Insurers suing the government for money they say they’re owed under Affordable Care Act programs might be out of luck, after an election in which Republicans won the White House and majorities in Congress.
President-elect Donald Trump made it clear he wants to kill
Obamacare, and Republican
lawmakers are more than willing to go along. People in the know are predicting
Republicans will chip away at the ACA’s revenue and payment provisions through
the budget reconciliation process, but don’t have the votes in the Senate to
mount a full-scale repeal of the health-reform law.
A de facto appeal could follow those budget changes, however. It’s uncertain whether insurers could survive if programs are cut that help them absorb losses from doing things like offering plans to people with pre-existing conditions.
Trump administration agencies, too, may be able to undo policies their predecessors adopted to implement the law. If so, then lawsuits challenging the policies could go away as well.
One likely casualty is U.S. House of Representatives v. Burwell. A federal trial court ruled the Health and Human Services Department illegally paid insurers to supplement losses suffered when they stopped requiring cost-sharing measures from plan members. Congress didn’t appropriate the money, so the HHS had no funds to legally pay the insurers, the court said.
The Obama Justice Department appealed,
asking the D.C. Circuit to
overrule the decision. A Trump DOJ may simply drop the appeal, health-policy
scholars told me. Insurers and plan members then could sue the government, like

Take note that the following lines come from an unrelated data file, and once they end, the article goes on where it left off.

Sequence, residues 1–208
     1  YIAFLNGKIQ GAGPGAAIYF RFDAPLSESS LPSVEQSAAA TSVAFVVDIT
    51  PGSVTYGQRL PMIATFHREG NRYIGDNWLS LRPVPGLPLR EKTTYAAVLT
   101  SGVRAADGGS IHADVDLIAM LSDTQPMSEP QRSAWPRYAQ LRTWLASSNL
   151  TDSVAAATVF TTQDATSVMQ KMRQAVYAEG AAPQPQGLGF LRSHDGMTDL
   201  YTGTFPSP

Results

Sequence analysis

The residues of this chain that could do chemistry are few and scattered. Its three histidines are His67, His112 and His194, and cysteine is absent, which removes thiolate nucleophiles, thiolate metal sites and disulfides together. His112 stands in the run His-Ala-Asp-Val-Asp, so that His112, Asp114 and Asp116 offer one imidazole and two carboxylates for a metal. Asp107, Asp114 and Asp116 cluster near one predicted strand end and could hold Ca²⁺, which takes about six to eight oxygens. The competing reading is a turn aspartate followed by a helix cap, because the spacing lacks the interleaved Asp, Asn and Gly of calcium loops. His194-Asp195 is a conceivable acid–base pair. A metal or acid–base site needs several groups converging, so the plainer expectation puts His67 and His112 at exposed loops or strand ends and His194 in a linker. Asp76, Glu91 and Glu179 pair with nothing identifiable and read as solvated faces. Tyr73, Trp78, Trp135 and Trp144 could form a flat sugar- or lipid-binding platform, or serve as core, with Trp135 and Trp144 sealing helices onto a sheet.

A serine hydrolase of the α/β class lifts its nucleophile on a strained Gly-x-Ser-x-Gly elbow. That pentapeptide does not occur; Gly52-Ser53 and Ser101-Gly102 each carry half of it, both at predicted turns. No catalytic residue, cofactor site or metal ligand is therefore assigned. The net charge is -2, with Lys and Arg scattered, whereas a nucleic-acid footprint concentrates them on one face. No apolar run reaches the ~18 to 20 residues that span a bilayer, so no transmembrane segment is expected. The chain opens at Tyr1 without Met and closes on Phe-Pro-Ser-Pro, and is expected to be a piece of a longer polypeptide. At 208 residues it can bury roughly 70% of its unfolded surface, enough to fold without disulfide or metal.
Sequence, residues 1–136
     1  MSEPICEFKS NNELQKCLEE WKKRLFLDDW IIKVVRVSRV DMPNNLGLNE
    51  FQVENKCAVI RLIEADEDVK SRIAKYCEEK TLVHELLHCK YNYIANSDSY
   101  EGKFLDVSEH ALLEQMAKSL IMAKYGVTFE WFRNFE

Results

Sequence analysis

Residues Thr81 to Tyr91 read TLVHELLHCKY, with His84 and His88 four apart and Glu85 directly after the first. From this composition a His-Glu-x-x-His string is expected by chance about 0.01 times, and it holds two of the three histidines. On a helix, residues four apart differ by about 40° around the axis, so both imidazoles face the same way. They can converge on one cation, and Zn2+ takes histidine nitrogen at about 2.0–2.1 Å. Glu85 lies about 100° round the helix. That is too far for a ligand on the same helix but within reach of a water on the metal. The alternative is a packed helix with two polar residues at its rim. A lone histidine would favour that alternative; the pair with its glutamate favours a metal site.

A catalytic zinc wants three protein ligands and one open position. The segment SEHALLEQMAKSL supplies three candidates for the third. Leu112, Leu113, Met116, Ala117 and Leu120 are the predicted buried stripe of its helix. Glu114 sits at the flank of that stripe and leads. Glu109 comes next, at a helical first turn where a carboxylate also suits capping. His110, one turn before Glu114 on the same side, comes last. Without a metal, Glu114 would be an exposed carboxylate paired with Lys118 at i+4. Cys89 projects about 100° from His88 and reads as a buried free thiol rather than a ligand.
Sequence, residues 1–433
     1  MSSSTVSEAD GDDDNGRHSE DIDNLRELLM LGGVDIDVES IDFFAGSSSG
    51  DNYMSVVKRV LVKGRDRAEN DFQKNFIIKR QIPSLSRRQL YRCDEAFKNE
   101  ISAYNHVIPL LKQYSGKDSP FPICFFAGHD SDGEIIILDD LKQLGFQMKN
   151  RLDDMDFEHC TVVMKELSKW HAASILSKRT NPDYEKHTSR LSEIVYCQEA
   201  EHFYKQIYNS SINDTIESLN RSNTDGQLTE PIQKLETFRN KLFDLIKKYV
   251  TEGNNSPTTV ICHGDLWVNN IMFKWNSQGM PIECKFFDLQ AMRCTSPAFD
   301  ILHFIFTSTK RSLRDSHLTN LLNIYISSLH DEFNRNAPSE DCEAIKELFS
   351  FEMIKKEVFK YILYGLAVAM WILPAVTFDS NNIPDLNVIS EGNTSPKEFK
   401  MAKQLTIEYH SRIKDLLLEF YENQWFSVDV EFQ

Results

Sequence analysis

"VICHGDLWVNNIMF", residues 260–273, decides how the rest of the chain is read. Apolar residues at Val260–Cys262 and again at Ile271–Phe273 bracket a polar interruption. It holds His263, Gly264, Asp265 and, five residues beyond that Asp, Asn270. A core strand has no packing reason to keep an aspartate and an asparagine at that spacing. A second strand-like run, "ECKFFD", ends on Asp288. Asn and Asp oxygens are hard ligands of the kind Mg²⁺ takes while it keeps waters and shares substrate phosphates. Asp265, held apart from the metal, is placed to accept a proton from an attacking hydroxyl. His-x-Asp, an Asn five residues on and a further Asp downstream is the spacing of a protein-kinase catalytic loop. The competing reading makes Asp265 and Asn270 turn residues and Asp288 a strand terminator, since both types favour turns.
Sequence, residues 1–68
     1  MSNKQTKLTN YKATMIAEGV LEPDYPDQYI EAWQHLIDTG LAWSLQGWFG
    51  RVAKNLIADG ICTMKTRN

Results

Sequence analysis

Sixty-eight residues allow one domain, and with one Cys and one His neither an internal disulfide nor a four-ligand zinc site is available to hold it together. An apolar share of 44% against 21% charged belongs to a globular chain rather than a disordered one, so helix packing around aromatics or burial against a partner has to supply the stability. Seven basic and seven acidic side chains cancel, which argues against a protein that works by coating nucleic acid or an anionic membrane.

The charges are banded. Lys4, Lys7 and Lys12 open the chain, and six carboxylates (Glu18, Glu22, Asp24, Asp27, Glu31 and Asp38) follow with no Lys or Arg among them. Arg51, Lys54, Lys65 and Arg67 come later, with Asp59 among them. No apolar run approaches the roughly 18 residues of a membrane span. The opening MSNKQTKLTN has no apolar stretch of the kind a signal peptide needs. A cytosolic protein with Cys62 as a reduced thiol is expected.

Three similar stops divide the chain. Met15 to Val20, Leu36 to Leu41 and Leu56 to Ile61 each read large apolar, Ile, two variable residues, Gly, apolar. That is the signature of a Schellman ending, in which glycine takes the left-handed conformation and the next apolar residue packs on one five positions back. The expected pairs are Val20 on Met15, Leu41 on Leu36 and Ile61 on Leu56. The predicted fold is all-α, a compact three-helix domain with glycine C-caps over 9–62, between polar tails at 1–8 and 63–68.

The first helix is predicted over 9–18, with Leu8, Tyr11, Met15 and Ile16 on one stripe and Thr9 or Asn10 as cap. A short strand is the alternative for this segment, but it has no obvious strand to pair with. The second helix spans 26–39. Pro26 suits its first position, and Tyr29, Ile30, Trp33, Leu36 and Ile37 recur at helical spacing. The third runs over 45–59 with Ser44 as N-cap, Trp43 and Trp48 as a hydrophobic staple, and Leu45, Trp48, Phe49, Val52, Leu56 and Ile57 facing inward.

the insurers in ACA risk corridor cases, but the Trump Department of Justice would
“vigorously” fight those suits, they said.
Speaking of risk corridor litigation: Insurers can hope for an Obama administration settlement before Trump takes office Jan. 20, 2017, but people I spoke to didn’t think it likely the Court of Federal Claims, in which the suits are pending, could approve a settlement in that time frame. Again, Trump’s DOJ probably would pose an obstacle to payment.
Cases testing other Obamacare measures, like the contraceptive mandate and anti-discrimination rule, also may be quickly resolved. The Trump administration likely will give nonprofit religious groups the exemption from the contraceptive mandate they’ve been asking for, relieving the groups and the government of trying to design a compromise.
An injunction against the
mandate” probably will be granted in the U.S. District Court for the Northern
District of Texas and affirmed by the U.S. Court of Appeals for the Fifth
Circuit. If the case progresses quickly, its first round could be before the
Supreme Court before a Trump justice could be confirmed, an ACLU attorney told
me. The civil rights attorney told me the ACLU has other tools to use against
health-care industry discrimination against transgender people if it loses this
Read my story at http://www.bna.com/obamacare-cases-limbo-n57982082602/.
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